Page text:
Assault case involving former Muskogee police officer forwarded to federal officials

·2 min read

Oct. 28—TAHLEQUAH — Prosecutors forwarded to tribal and federal officials law enforcement reports they drew from to file an aggravated assault charge against a former Muskogee police officer.

A Cherokee County judge ordered the dismissal of the felony charge after Mark Vernon Ridley Jr. presented evidence showing he is an enrolled member of a federally recognized tribe. Because the alleged crime occurred "on Indian land that has not been disestablished" and the accused is Native American, the state of Oklahoma lacks jurisdiction to prosecute the case.

Ridley, who is serving a 10-year deferred sentence in Muskogee County for kidnapping and assaulting his ex-wife, is accused of grabbing a woman's wrist and breaking it as she attempted to help a friend involved in an altercation. Witnesses allege the events occurred Feb. 5 at the Dam Bar north of Fort Gibson.

Mindy Pinord, according to an affidavit filed by Cherokee County Deputy Jimmy Tannehill in support of the application for an arrest warrant, pushed her way through a crowd gathered around the altercation. On the way, she encountered a man, identified later as Ridley, who allegedly cursed her and squeezed her wrist until it snapped.

An arrest warrant issued in May was recalled Oct. 15 after his lawyer, Janet Bickel Hutson, arranged for him to surrender on Wednesday. A motion was filed during the interim, alleging the state lacked jurisdiction as a result of the U.S. Supreme Court's decision that determined, for purposes of federal criminal law, that Congress never disestablished the Muscogee Nation reservation.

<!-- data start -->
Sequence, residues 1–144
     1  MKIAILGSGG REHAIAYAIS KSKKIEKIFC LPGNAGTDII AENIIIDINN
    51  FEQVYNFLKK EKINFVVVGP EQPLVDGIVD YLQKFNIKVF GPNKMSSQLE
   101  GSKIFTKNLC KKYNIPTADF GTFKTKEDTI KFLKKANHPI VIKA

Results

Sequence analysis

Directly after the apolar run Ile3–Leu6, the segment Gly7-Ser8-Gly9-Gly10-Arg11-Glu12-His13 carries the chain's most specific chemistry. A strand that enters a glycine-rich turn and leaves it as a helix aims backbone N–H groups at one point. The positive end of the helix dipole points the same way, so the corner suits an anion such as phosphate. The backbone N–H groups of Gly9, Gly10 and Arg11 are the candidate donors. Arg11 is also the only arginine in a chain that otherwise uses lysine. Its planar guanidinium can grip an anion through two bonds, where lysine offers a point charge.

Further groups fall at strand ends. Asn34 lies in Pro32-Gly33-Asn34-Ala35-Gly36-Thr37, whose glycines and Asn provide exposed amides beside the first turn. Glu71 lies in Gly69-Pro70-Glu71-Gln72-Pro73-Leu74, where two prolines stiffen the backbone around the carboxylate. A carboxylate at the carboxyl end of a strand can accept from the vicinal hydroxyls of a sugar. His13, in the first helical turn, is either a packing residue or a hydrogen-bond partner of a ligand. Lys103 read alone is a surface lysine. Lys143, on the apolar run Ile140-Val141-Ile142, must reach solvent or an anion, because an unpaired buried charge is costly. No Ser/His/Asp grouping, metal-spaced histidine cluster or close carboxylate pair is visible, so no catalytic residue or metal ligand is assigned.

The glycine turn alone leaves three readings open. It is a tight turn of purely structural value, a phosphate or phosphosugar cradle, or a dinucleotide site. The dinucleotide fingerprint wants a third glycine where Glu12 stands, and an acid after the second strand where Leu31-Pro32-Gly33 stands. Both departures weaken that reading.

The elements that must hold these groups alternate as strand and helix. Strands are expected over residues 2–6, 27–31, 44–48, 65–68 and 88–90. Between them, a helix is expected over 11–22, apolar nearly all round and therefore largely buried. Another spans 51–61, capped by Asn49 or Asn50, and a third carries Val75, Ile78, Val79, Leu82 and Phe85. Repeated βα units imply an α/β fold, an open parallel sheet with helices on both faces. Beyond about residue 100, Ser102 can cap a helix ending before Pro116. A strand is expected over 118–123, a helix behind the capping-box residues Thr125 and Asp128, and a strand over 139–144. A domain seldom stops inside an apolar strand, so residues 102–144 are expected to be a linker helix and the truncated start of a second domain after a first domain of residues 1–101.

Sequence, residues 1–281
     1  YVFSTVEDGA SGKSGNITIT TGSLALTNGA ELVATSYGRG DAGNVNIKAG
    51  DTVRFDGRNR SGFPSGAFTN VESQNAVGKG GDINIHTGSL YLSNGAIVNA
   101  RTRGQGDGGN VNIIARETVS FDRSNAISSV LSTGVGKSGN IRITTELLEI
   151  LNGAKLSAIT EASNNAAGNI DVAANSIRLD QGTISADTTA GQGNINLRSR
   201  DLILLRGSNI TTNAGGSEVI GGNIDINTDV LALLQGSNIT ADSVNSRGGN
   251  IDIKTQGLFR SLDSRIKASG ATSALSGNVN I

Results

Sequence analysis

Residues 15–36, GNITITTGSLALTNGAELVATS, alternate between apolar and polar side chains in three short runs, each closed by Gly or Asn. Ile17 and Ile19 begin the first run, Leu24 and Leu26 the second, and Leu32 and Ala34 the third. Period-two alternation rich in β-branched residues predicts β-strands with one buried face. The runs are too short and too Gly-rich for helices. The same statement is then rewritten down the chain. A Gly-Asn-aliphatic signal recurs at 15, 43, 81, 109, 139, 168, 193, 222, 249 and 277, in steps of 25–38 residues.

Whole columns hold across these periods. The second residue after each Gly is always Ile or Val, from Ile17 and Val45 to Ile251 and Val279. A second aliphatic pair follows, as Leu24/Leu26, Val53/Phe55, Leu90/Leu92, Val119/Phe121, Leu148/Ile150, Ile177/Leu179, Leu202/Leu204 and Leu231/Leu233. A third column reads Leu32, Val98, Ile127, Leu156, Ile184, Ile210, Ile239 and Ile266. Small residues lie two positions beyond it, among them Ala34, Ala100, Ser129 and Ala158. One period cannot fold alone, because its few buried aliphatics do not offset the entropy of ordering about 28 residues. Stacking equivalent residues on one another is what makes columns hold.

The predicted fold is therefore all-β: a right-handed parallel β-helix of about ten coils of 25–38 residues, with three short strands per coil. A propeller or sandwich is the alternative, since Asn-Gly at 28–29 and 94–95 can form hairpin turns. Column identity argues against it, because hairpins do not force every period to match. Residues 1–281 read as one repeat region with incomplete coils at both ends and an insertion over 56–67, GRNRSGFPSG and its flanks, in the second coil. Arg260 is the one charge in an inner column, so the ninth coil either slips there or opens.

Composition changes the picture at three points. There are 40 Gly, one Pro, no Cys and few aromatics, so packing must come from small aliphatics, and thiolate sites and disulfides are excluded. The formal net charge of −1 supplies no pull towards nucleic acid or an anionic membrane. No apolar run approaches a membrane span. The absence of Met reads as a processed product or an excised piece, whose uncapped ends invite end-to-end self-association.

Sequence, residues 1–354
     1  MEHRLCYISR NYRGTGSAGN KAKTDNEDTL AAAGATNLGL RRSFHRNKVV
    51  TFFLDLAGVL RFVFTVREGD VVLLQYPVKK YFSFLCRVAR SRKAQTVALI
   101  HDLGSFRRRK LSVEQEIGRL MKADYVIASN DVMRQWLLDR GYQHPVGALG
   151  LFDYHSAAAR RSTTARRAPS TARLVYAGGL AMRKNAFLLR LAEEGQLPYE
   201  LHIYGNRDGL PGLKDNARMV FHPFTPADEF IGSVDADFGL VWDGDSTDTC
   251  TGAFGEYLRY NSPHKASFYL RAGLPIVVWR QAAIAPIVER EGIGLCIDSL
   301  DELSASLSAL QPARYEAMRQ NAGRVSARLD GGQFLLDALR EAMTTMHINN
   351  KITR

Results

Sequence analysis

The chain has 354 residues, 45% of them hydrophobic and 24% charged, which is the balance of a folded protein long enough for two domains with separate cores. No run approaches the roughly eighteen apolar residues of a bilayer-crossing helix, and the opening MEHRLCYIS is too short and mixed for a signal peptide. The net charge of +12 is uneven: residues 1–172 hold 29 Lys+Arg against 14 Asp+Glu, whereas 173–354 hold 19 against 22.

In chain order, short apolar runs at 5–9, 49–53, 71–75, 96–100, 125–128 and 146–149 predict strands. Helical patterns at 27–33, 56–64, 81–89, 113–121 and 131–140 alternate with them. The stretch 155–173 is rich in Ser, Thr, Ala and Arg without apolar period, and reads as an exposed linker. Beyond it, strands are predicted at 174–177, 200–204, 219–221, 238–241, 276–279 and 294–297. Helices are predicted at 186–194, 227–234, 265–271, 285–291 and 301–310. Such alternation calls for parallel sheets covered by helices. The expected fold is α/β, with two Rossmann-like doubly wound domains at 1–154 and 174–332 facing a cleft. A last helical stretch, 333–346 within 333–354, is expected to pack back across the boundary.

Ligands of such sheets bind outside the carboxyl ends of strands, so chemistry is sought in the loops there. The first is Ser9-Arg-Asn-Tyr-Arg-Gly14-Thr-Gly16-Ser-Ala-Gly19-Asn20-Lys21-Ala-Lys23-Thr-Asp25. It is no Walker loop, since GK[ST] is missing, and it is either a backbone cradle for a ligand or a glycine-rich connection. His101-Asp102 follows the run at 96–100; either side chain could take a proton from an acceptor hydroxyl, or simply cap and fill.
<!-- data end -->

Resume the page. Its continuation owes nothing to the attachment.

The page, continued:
Oklahoma courts have ruled since then the same applies to other federally recognized tribes in Oklahoma that were granted land by treaties with terms similar to what the Supreme Court considered in McGirt v. Oklahoma.

Assistant District Attorney Eric Jordan said he was surprised there was no mention of Ridley's tribal affiliation in law enforcement reports. He also was surprised the issue did not come up when Ridley's lawyer called and requested the outstanding warrant be recalled.

"What we do when we are required to dismiss on a McGirt motion is forward the reports to federal authorities for them to determine if it falls under the Major Crimes Act," Jordan said. "We also forward the reports to tribal authorities, and we let those two work it out."

Jordan said it would be up to federal prosecutors to determine whether the felony alleged in state court would qualify as a federal crime under the Major Crimes Act.

Our goal is to create a safe and engaging place for users to connect over interests and passions. In order to improve our community experience, we are temporarily suspending article commenting